You must be signed in to read the rest of this article.
Registration on AEGIS Dental Network is free. Sign up today!
Forgot your password? Click Here!
Oral Findings in Patients with Obstructive Sleep Apnea Syndrome
Howard E. Strassler, DMD
Petrou-Amerikanou C, Belazi MA, Daskalopoulou E, et al. Quintessence Int.2005 Apr; 36(4):293-298.
OBJECTIVE: To evaluate the role of dental parameters that may contribute in increasing apneic activity in patients with obstructive sleep apnea syndrome (OSAS). METHOD AND MATERIALS: A total of 152 subjects (121 males and 31 females) were examined from October 1999 until September 2001, for sleep disorder symptoms. All patients underwent polysomnography. Any abnormal or unusual features that could inhibit the upper airway of the oral cavity were evaluated by an oral pathologist. RESULTS: Statistical analysis of the independent structural variables and the respiratory disturbance index proved to be significant only in the cases of retropositioned or narrow hard palate with a vertically positioned soft palate, the type of breathing (oral breathing), and the enlarged uvula. CONCLUSION: The oral soft tissues seem to be more closely associated with OSAS. Therefore, the diagnosis of the structural features of the oral cavity by the clinician is useful to predict apneic activity.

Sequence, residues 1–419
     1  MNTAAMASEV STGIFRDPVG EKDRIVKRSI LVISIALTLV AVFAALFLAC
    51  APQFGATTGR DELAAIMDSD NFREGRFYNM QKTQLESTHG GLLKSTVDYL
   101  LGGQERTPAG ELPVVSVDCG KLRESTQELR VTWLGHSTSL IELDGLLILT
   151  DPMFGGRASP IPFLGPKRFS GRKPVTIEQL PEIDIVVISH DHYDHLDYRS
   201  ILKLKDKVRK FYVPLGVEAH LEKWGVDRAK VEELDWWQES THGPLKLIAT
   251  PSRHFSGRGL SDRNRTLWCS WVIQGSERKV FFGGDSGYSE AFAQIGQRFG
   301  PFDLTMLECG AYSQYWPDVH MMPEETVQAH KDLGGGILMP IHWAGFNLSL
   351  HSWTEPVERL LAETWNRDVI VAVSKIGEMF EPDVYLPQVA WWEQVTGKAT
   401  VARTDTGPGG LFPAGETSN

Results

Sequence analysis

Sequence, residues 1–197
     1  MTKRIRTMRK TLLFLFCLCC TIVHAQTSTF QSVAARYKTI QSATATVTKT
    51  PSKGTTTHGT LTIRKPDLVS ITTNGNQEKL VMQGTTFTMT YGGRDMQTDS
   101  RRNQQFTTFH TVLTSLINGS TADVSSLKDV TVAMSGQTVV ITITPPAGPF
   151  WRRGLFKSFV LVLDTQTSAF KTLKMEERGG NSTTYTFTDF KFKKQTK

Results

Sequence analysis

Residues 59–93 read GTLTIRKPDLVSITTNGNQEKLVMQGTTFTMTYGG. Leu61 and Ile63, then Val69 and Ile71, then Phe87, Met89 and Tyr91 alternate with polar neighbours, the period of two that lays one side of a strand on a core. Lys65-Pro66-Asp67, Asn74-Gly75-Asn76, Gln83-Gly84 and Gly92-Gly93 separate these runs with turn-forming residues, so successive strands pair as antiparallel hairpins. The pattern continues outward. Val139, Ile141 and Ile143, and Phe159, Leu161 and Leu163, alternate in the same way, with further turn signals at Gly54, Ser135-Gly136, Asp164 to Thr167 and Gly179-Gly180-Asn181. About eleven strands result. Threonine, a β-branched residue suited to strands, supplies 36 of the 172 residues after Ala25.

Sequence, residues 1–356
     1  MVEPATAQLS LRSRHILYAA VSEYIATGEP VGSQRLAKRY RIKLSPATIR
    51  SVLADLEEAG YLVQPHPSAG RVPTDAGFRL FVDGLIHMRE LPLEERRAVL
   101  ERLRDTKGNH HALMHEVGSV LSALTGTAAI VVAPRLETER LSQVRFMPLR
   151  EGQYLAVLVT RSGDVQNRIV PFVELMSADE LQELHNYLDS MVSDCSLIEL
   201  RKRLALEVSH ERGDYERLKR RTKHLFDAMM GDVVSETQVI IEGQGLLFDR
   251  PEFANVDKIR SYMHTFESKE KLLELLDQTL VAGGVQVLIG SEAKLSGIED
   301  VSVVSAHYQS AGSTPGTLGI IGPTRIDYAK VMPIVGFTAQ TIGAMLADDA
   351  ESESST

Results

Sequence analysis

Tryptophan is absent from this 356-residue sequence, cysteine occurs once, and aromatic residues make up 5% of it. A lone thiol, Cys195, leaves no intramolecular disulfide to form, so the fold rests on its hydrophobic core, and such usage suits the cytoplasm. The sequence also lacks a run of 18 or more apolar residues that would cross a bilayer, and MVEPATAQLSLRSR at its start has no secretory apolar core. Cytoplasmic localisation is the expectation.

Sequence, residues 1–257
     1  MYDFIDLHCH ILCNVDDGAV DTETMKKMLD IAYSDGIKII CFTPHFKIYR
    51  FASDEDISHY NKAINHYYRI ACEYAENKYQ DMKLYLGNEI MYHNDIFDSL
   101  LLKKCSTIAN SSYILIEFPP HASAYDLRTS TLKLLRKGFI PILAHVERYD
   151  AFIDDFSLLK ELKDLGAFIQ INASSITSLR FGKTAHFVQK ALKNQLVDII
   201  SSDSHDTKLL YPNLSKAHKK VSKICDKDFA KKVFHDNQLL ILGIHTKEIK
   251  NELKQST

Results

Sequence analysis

Obstructive sleep apnea syndrome (OSAS) is a common sleep disorder associated with snoring and excessive daytime sleepiness. This article presents the fact that OSAS in the general population is found in 16% of men and 5% of women. In the elderly population, these numbers increase significantlyto 67% of men and 54% of women. OSAS symptoms occur during inspiration when sleeping. The airway often becomes obstructed after collapse at the soft palate by the base of the tongue. During apneic episodes, a person awakens after 10 seconds, inhales, and resumes sleeping. Although the disorder is multifactored, this article demonstrates the importance of dental clinicians in the diagnosis of OSAS based on the anatomic features in the oral cavity.
This article was excellent in thatit presents an overview of OSAS byproviding clinician with a heightened awareness of the prevalence of the disease, its characteristic signs, and the fact that dentists have an important role in the ability to help patients with thisdisorder. With such a large number in the population suffering from OSAS, the dentist can provide patients with increased awareness about OSAS and referral to sleep disorder clinics for treatment. In many cases, the dentist can be part of the team in treating OSAS. If you are not already documenting anatomic features that might contribute to OSAS, one might consider documenting oral examinations with the sizes and shape of the palate, tongue and uvula, and also, retropositioned small maxillas and mandibles as well as other oral abnormalites which could contribute to narrowing of the airway during sleep.
|About the Author|
|Howard E. Strassler, DMD |
Professor and Director of Operative Dentistry
Department of Endodontics, Prosthodontics and Operative Dentistry
University of Maryland Dental School, Baltimore,Maryland